Please note that title does not include the word “remastered” despite the year. I will admit I was actually looking for photos I could remaster when I stumbled across a bunch I took at the Museum of Transport and Technology (MoTaT) in Auckland, while I was up there for the Whenuapai Open Day.
I was somewhat surprised to discover none had made it onto Flickr. Perhaps my software of the day wasn’t much cop at bringing up the quite dark photos, but certainly once I opened them in DxO PhotoLab 4 the automatic Smart Lighting made them pretty decent and all were nice and sharp. So here they are!
I’ve included just three here. There are a total of 14 on Flickr.
I chose this shot not because of the De Havilland Vampire that is the primary subject but because it gives a sense of just how many aircraft are packed into the Sir Keith Park Collection hangar. I can pick out at least nine!
Tucked away in one corner is the nose of Handley Page Hastings C.3, NZ5801. Of a total 151 production examples built, all but four were operated by the UK armed forces. This nose section, along with engines, props, and undercarriage, is all that remains of the four RNZAF examples. (Side note: There are only 4 remaining complete airframes and I’ve also photographed one of those.)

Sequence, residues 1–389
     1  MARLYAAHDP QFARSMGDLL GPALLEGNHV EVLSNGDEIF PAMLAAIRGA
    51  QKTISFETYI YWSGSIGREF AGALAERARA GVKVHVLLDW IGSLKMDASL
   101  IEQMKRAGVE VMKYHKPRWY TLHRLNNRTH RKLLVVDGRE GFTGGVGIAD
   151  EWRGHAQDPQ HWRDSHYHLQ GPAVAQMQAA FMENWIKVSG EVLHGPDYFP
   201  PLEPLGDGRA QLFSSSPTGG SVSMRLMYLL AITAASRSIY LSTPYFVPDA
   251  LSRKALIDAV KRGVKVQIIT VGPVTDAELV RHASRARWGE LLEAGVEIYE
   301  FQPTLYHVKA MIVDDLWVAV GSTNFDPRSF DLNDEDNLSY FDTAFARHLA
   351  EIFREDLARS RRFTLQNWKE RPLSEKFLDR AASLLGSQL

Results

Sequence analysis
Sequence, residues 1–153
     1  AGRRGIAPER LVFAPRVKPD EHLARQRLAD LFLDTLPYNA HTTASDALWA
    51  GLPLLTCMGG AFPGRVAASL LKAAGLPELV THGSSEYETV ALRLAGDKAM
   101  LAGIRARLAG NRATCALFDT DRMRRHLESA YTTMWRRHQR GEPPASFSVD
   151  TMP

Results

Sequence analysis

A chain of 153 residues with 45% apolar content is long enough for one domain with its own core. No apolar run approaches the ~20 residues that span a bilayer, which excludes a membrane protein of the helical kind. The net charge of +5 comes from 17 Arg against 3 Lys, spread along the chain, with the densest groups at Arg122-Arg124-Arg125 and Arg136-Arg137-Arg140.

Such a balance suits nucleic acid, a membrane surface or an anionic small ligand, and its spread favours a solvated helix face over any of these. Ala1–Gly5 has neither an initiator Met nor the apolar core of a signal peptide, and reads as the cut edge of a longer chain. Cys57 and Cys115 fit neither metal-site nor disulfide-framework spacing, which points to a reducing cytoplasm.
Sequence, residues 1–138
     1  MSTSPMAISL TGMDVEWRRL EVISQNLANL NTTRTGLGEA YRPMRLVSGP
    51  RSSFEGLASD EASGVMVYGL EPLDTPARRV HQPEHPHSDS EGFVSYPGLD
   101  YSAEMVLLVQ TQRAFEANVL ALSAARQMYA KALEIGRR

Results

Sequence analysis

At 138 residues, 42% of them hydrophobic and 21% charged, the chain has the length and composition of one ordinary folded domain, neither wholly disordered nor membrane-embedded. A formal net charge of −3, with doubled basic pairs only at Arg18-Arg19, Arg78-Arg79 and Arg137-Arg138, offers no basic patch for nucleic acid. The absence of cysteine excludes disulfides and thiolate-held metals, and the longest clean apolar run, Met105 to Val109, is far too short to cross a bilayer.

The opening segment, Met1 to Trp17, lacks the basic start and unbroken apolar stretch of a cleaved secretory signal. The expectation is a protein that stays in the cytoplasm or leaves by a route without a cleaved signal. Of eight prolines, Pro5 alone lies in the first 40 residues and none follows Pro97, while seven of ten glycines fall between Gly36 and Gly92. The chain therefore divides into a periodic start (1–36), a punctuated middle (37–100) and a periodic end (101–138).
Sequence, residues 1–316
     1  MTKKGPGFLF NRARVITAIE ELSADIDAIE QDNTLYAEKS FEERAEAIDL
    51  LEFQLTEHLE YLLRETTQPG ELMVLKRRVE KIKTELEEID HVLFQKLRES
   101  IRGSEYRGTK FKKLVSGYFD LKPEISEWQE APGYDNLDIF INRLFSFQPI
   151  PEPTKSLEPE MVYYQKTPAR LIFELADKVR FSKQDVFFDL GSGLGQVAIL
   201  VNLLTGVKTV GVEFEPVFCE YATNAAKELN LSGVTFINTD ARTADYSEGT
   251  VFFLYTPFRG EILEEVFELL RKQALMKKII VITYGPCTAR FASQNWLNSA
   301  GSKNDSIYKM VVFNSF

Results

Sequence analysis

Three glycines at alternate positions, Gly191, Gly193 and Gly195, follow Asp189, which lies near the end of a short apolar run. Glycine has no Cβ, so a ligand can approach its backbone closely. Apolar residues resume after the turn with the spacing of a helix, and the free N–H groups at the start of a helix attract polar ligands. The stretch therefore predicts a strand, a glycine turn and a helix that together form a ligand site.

Last up is one of several shots of Short Solent, ZK-AMO, formerly operated by Tasman Empire Airways Limited (TEAL), the forerunner of Air New Zealand. This is one of the most interesting exhibits in the museum, partly because it is one of only two preserved aircraft in the world, but mostly because it has been expertly restored including a lot of the interior, which has been ‘dressed’ as if in service. Not to mention, this chap seeking to fetch the mooring rope for docking.
You can check out the rest of the photos (including an interior shot of ZK-AMO) over on Flickr.